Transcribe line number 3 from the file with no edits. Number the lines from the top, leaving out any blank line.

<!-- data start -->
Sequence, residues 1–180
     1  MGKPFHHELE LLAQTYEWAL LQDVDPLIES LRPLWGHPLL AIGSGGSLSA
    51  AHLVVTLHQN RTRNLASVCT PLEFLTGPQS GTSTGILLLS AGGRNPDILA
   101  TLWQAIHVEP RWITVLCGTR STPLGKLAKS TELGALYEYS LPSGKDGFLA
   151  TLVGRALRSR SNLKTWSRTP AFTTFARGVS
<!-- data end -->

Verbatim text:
    51  AHLVVTLHQN RTRNLASVCT PLEFLTGPQS GTSTGILLLS AGGRNPDILA